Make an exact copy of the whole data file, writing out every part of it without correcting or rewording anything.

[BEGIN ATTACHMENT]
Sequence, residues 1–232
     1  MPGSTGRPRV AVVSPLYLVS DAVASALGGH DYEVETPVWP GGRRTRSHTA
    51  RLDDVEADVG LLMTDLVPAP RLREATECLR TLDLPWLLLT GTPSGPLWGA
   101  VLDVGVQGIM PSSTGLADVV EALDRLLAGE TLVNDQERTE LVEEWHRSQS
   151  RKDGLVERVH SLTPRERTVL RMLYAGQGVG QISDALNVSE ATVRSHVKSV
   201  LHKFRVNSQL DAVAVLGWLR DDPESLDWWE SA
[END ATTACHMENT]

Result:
Sequence, residues 1–232
     1  MPGSTGRPRV AVVSPLYLVS DAVASALGGH DYEVETPVWP GGRRTRSHTA
    51  RLDDVEADVG LLMTDLVPAP RLREATECLR TLDLPWLLLT GTPSGPLWGA
   101  VLDVGVQGIM PSSTGLADVV EALDRLLAGE TLVNDQERTE LVEEWHRSQS
   151  RKDGLVERVH SLTPRERTVL RMLYAGQGVG QISDALNVSE ATVRSHVKSV
   201  LHKFRVNSQL DAVAVLGWLR DDPESLDWWE SA